Caffeine from coffee, tea, soda or even tablet, has the beneficial effect of enhancing memory, according to a new study led by a former Johns Hopkins University researcher.
More research needs to be done, but the findings could be used to help understand how long-term memory works and have an impact on cognitive decline, the researchers said.
The researchers said it's long been known that caffeine has a cognitive effect, but they found that it has a particular effect on strengthening memories and making them resistant to forgetting.
The researchers gave study participants who don't normally consume caffeine a placebo or a tablet with the average amount of caffeine consumed by 80 percent of Americans -- 200 milligrams, or the equivalent of two small cups of coffee. Unlike past studies, they did this after they looked at images rather than before.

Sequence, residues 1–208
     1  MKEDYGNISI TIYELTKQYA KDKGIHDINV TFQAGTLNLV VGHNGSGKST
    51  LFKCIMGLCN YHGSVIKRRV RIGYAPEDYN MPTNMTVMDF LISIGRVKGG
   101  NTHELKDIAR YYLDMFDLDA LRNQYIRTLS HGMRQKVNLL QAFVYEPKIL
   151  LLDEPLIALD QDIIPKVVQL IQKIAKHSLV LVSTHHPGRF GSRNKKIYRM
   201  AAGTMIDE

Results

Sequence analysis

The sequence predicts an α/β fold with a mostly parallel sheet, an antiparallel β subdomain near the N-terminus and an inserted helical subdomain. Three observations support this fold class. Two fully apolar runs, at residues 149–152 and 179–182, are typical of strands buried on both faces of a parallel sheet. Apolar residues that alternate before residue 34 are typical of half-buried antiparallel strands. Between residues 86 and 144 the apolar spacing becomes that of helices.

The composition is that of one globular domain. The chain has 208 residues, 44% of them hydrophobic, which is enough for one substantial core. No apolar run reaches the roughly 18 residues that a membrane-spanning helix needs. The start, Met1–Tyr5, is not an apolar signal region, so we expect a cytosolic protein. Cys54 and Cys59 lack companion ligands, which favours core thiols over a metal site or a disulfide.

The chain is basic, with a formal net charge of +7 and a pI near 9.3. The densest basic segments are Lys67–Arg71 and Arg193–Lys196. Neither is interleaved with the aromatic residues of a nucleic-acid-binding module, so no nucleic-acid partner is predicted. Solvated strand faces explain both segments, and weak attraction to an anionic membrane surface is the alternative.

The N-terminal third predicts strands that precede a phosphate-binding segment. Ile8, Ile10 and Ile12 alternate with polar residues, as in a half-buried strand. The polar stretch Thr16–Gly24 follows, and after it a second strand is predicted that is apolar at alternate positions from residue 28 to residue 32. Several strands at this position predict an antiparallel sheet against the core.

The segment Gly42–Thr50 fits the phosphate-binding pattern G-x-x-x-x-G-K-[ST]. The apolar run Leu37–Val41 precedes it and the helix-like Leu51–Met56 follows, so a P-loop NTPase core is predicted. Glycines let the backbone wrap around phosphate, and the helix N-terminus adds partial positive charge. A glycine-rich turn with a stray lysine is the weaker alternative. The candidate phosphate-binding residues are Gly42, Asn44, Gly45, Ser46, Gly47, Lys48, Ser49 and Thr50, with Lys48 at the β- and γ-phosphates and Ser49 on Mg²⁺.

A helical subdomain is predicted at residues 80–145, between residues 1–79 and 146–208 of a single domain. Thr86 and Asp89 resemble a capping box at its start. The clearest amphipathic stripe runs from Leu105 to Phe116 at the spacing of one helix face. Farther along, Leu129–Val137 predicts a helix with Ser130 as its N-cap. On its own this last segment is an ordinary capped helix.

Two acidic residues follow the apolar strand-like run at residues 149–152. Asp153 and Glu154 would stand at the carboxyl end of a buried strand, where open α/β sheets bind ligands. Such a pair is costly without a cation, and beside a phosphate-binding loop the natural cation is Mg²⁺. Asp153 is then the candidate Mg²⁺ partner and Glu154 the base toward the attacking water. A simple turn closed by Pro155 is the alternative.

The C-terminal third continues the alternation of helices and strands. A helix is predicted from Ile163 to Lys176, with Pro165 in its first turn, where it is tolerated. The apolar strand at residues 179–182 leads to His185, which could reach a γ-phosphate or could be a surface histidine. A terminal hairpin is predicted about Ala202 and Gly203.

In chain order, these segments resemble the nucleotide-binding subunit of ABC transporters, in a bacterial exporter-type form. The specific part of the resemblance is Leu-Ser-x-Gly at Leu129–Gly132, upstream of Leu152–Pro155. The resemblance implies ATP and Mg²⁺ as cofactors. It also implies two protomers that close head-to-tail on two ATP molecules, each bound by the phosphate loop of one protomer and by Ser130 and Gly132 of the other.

Those who got the caffeine were correctly able to recognize differences in the images the next day, reflecting a deeper level of memory retention. Those who got did not get the caffeine thought the images looked the same.
"The next step for us is to figure out the brain mechanisms underlying this enhancement," said Michael Yassa, who was an assistant professor of psychological and brain sciences in the Hopkin's Krieger School of Arts and Sciences before moving to the University of California-Irvine.
"We can use brain-imaging techniques to address these questions," he said in a statement. "We also know that caffeine is associated with healthy longevity and may have some protective effects from cognitive decline like Alzheimer's disease. These are certainly important questions for the future."
The research was published by the journal Nature Neuroscience.